private static final void parseEntry(OMMEntry entry, PrintStream ps, int tabLevel)

Line: 663

    { // Start of method body.
    	try // try-catch to defend against decoding errors on new _NS Time fields.
        {	// Original code starting with switch statement...
            switch (entry.getType())

Line: 745

		default:
			dumpEntryHeader(entry, ps, tabLevel);
			parseData(entry.getData(), ps, tabLevel);
			break;
	   } //End of switch statement with no alterations.
	} // catch to defend against decoding errors on new _NS Time fields. 
	catch (OMMException e)
	{
		ps.println("ERROR Invalid data: " + e.getMessage());
	}

Placement of the try-catch block within the parseEntry() method allows the application to continue processing the remaining fields in the FieldList after encountering a high precision time value.

Implementation : RFA C++

To illustrate where to catch InvalidUsageException when decoding a high precision timestamp value we will use RFA C++ version rfa7.6.2.L1.win-shared.rrg and the StarterConsumer example from that Devkit.

File: ..\StarterCommon\Decoder.cpp Method:

void Decoder::decodeFieldEntry( const FieldEntry& input )

Line: 173

	if(_fd)
		fprintf(_fd, "\t");
	//Exception Handling code starts here;
	// enclose decodeData call in try block if it is a time field.
	if( _pCurrentFidDef->getOMMType() == rfa::rdm::RDMFidDef::RWF_TYPE_TIME  )
	{
		try {
		decodeData( input.getData(static_cast<UInt8>(_pCurrentFidDef->getOMMType())) );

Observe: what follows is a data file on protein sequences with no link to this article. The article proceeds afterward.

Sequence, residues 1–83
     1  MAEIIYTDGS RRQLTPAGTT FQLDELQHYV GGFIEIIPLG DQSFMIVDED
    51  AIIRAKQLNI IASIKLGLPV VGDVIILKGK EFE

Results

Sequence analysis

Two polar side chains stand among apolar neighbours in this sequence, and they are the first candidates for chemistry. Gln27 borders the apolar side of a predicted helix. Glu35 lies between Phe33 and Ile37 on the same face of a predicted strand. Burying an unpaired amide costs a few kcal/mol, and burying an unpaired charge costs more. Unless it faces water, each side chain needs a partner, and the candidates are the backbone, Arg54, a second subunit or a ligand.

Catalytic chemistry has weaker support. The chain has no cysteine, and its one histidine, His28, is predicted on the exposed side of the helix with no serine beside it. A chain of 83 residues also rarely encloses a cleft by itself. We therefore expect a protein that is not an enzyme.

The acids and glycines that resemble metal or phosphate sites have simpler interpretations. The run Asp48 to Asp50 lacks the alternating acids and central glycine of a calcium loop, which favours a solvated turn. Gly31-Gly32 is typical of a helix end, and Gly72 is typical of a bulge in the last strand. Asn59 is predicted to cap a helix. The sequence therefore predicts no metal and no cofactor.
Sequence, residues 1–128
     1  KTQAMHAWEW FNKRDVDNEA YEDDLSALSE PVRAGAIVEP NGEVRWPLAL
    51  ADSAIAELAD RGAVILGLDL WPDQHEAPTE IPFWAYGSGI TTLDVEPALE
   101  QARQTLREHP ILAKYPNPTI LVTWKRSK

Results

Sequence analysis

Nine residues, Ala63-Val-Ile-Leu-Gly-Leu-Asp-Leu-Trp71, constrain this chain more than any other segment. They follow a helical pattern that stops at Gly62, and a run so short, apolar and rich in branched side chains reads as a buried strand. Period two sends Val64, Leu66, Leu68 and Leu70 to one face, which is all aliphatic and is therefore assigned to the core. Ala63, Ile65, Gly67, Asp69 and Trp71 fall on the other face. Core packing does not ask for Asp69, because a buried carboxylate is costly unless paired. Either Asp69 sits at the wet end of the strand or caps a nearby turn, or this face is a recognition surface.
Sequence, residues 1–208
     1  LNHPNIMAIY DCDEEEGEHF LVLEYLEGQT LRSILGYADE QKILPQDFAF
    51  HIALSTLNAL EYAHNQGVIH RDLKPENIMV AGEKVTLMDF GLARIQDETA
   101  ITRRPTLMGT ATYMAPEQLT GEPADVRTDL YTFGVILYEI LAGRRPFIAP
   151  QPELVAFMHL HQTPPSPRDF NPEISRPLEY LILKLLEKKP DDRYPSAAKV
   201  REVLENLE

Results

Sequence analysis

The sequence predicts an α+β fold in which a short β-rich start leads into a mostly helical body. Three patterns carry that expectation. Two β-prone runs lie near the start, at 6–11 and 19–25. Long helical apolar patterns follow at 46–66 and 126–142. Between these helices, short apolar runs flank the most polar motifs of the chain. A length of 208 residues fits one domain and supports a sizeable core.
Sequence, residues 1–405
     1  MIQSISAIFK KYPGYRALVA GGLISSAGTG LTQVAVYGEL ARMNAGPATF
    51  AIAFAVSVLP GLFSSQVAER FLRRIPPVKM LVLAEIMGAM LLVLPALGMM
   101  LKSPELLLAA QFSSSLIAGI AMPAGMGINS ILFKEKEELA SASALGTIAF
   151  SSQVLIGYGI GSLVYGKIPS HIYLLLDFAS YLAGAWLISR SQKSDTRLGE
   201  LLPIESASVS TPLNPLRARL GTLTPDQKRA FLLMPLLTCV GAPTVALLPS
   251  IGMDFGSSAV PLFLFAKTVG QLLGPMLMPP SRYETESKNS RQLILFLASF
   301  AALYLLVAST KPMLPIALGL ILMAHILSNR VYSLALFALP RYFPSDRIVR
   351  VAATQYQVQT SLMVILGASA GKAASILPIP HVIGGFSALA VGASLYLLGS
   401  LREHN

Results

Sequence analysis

} // Add catch statement for the expected InvalidUsageException
		catch( InvalidUsageException& iue )
		{
			AppUtil::log(__LINE__, AppUtil::WARN, 
                         "Decoder::decodeFieldEntry() - Error decoding OMMType %d: %s\n"
				,_pCurrentFidDef->getOMMType(), iue.getStatus().getStatusText().c_str());
		} 
	}
	else //Exception Handling code ends here.
		decodeData( input.getData(static_cast<UInt8>(_pCurrentFidDef->getOMMType())) );

 Solution: Pre-Decoding Check

Applicable to: UPA and RFA versions earlier than 8.x. All editions.

Test the encoded length of the incoming time field. This will allow an application to identify if it exceeds the prescribed encoded-length limit for the API version employed and thereby avoid decoding that field. Thus the application continues to operate.

Advantages

  • More efficient than try-catch exception handling constructs.

Disadvantages

  • Requires more code effort in comparison with exception handling. All of the code points that explicitly decode the time value and those that implicitly access the time value (e.g. DataBuffer::isBlank()) must be changed.
  • In testing terms more effort is required because all the code-paths must be exercised in order to ensure that the defensive code is complete and correct.
  • This approach is designed to handle a specific problem, other issues will still throw an exception e.g. an invalid time range.
  • When the application is upgraded all the pre-decode checks must be removed before it can access the new time fields.

Implementation : RFA Java